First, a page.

Science

IIT-Hyderabad researchers unravel protein that repairs DNA

M Somasekhar Hyderabad | Updated on December 26, 2019 Published on December 26, 2019

Representative image   -  Ksenia Omelchenko

In the evolution of life forms, what determines the formation of a bacteria? It’s the Deoxyribonucleac Acid (DNA), which is the blueprint of the life form.

It also encodes the directions that the life form must take.

Any damage to the DNA causes a range of diseases and problems.

Nature has evolved techniques to not only protect the DNA but also repair it to an extent. In humans, one such repair mechanism involves activation of a special class of proteins called ‘DNA repair proteins’.

In a significant development, researchers at the Indian Institute of Technology Hyderabad (IITH) have unravelled the mechanism of action of a protein ( alkB homolog 3, or ALKBH3) that repairs damaged DNA.

The research team, led by Anindya Roy, is excited about the universality of the mechanism – it is just as applicable to the bacterium as it is to human beings. “The knowledge gained from our studies might, in the long term, be beneficial from a cancer therapeutic perspective,” he claimed.

In view of the key role that DNA damage plays in almost all diseases and maladies, there is a worldwide effort to understand how these repair proteins work, both as an academic exercise and as the foundation for therapeutic interventions, he said.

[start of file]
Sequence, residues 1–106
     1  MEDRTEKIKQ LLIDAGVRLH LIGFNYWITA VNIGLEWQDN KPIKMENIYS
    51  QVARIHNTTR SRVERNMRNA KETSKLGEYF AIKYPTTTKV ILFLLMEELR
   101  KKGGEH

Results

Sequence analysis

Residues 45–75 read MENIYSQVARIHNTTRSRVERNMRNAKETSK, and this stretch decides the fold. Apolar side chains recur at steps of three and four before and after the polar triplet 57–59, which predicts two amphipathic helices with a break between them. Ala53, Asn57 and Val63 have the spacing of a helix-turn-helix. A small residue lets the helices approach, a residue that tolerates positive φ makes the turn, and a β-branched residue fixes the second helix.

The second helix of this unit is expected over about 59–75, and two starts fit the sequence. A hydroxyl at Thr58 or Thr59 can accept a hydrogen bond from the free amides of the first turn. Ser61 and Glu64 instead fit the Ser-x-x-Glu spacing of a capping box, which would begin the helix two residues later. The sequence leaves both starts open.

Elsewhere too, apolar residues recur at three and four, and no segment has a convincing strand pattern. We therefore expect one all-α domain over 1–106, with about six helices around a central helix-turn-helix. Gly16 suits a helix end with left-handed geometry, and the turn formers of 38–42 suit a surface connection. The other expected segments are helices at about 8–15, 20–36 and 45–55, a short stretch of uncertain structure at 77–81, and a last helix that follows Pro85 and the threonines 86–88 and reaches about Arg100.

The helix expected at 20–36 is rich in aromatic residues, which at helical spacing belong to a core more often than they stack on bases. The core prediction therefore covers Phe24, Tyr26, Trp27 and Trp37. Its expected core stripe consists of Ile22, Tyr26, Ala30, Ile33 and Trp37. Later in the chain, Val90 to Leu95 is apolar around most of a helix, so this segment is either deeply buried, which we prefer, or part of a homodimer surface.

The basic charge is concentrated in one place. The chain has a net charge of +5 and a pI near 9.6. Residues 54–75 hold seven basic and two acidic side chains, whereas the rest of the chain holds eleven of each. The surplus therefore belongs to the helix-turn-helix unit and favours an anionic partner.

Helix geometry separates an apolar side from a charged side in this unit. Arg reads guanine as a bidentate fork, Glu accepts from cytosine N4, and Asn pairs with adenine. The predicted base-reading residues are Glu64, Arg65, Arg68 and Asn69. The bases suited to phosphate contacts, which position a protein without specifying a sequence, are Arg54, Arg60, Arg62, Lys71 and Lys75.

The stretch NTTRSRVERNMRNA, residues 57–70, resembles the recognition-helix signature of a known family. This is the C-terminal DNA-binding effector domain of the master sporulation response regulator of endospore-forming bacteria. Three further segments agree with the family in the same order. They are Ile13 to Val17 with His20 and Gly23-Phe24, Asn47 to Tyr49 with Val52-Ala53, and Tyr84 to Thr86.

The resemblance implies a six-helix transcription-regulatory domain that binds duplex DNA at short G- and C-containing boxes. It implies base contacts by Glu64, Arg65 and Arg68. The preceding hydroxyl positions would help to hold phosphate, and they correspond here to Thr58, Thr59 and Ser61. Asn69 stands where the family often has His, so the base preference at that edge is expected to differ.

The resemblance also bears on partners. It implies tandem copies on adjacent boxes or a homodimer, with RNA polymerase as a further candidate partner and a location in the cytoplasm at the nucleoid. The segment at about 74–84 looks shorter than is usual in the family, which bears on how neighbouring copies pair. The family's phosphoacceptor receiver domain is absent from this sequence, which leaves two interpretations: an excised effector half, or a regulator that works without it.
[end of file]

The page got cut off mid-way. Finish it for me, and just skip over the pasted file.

The IITH team collaborated with Arun Goyal of the IIT Guwahati in the project funded by the Department of Science and Technology (DST). The results have been published in the journal Nucleic Acid Research by the duo along with researchers Monisha Mohan, Deepa Akula and Arun Dhillon.

Typically, damage to DNA can surface from mild changes, such as the sudden appearance of a harmless mole, to catastrophic diseases, such as cancer. The retention of DNA integrity is therefore essential for proper function and survival of all organisms, they explained.

Protection of DNA is daunting because of the possibility of damage by a dynamic external environment. “Our laboratory at IIT Hyderabad seeks to understand the workings of the DNA damage repair proteins. Certain types of chemicals produced naturally in the body can cause damages in DNA and, if not fixed fast, may trigger cell death”, Roy says.

Published on December 26, 2019
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